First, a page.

Why have SA schools become murderous war zones

Why have SA schools become murderous war zones.
Why have SA schools become murderous war zones.
Image: Gallo Images/ IStock

Last week was an utterly bewildering and disturbing week for educators, repositories and transmitters of the knowledge and skills in the modern world.

We saw Gadimang Mokolobate, a maths teacher at Ramotshere Technical Secondary School in North West, brutally stabbed to death with a butcher knife by his 17-year-old pupil in a school that ought to be a safe haven.

This is the same week when we heard that a 15-year-old Grade 8 pupil pulled a gun on his teacher at Eldorado Park Secondary School in Johannesburg.

The barbaric murder of Celwa Mapila, a teacher at Middelpos Primary School in the Western Cape, that left the nation stunned, is still all too fresh in our memories.

We are battling to assimilate why and how educators are being killed at the hands of pupils in gruesome acts that educational commenters succinctly describe as a "silent national crisis".

Maths teacher Mokolobate's murder paints a worrisome picture of schools not being effectively equipped to deal with ill-mannered pupils and to address safety and security issues affecting teachers and pupils.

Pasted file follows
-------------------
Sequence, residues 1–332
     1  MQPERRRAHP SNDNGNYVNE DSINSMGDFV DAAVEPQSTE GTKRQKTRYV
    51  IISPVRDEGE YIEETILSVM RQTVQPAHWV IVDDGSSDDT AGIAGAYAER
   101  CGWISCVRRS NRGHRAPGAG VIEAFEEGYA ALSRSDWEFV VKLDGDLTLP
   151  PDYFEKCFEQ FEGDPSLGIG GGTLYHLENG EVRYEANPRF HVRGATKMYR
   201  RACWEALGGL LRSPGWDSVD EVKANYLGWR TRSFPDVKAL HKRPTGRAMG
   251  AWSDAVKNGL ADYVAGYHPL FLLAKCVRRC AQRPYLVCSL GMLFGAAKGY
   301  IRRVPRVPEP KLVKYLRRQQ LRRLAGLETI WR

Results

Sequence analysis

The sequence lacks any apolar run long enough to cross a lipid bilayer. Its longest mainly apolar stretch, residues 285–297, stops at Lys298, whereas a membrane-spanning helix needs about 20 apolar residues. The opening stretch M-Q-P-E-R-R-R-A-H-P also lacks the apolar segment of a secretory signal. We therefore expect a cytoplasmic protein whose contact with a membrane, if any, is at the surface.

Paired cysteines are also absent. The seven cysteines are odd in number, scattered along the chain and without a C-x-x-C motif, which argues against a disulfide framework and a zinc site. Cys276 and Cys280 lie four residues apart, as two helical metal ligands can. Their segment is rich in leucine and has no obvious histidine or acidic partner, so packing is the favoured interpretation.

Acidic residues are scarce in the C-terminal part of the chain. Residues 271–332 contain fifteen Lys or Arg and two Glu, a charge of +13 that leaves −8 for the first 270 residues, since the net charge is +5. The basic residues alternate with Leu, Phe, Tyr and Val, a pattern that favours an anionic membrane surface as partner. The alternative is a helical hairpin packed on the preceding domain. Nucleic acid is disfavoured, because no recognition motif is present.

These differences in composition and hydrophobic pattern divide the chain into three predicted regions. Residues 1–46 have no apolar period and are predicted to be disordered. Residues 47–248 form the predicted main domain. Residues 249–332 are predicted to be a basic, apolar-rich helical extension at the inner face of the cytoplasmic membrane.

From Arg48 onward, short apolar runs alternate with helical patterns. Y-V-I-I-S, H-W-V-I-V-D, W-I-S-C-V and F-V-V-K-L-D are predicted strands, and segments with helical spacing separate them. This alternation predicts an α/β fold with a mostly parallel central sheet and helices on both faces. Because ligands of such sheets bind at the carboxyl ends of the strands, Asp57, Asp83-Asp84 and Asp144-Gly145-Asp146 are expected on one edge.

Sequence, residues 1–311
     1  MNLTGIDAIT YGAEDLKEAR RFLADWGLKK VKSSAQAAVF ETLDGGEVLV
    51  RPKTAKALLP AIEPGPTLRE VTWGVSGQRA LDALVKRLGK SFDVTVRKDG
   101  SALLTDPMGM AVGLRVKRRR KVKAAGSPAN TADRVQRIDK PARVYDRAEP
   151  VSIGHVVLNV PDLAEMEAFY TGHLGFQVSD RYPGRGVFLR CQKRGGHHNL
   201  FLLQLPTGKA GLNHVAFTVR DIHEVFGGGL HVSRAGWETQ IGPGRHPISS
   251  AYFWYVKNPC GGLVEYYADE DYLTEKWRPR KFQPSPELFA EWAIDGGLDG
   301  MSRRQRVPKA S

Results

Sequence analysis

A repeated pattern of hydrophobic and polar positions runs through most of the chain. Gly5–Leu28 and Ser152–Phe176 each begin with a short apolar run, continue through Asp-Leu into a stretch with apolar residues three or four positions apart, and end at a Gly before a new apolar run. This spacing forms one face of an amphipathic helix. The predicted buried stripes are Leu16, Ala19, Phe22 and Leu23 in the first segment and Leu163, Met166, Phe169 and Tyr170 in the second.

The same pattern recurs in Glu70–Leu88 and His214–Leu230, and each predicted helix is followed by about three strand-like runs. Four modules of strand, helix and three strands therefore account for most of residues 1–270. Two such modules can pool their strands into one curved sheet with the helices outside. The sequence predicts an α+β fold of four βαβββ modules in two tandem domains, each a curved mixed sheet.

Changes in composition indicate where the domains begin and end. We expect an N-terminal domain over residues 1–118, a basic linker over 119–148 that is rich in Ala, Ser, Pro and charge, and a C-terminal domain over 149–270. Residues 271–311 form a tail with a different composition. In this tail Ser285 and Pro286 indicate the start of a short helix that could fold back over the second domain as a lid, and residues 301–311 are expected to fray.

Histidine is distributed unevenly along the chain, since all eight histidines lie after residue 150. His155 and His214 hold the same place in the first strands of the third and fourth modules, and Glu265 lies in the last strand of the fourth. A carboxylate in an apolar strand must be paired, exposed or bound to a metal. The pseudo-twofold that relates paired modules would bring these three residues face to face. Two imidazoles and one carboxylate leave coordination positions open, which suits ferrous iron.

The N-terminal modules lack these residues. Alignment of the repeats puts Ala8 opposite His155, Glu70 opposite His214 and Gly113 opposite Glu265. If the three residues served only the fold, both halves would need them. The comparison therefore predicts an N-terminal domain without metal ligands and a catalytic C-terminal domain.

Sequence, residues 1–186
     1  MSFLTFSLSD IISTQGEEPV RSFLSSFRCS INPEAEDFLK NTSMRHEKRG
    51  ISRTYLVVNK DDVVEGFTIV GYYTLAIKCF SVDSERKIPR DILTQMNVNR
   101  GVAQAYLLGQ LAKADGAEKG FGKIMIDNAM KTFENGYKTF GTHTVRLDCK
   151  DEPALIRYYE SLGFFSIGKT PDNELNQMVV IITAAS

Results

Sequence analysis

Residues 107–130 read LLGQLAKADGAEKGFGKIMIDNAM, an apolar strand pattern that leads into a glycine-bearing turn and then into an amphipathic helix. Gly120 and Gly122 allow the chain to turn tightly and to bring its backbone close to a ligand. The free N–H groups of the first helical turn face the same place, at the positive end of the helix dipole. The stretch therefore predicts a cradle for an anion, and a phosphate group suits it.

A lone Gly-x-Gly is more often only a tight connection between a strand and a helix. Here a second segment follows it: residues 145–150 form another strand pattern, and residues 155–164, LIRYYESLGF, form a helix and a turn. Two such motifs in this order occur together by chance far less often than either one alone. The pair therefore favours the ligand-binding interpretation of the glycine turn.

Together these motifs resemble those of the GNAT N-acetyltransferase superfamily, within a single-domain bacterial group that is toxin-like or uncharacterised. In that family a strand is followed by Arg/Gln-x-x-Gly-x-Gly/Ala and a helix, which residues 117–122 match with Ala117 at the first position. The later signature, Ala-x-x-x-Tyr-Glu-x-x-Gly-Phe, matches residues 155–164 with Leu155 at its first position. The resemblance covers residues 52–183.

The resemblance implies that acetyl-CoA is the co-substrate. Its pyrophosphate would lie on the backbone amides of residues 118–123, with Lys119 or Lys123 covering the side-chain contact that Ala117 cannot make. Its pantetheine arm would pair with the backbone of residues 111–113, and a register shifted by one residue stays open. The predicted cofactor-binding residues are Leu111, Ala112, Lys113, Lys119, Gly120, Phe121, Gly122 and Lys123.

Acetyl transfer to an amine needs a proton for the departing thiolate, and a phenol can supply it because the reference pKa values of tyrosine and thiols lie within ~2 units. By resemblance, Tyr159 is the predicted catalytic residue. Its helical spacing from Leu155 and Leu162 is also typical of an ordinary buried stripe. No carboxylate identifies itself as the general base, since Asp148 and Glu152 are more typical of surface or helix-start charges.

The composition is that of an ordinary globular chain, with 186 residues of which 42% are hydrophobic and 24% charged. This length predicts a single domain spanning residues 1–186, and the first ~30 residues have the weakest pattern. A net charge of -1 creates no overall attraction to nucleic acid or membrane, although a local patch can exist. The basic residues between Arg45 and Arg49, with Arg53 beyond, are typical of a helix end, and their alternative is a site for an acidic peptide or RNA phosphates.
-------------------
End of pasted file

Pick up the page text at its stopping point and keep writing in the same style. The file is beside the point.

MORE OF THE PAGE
It suggests that the schooling system is teetering on the edge of outright anarchy, which requires a complete overhaul.

You can only image what type of unruly behaviour teachers are faced with on a daily basis.

The question is why have schools become war zones?

Perhaps we need to plumb the profundity of our thoughts to try to understand where did we lose the integrity and idealism of education; how the school sector has ended up at a perilous crossroads; and at what cost did our government fail to enhance the status and ethos of the teaching profession and to ensure that the dignity of teachers is protected in the classroom.

We probably need to fix our eyes on the challenges of parenting in the age of postmillennials and come out with holistic and pragmatic parent-training initiatives. These, I think, would assist parents in particular, and school leaders, social workers and communities in general, to contrive a way to not only reduce and curb the scourge of crime and violence among young boys.

We need to find a way to adopt what Dr Mamphele Ramphele outlines as "nurturing children appropriately within shared value systems through rewarding appropriate behaviour and punishing or discouraging bad behaviour".

The 42-page National School Safety Framework (NSSF) designed by the department of basic education, in conjunction with the Centre for Justice and Crime Prevention, provides guidelines and measures to tackle the ruthless episodes of violence and aggression in our schools.

It is quite regrettable that government does not prioritise safety of teachers, pupils and relevant stakeholders in schools as this framework is poorly implemented in most of our schools.

As long as there are no any formulated safety plans and appropriate remedial and preventative interventions, the school sector will sink deeper into the mire and teachers and pupils will always be at the considerable risk of being victimised and possibly murdered on school premises.

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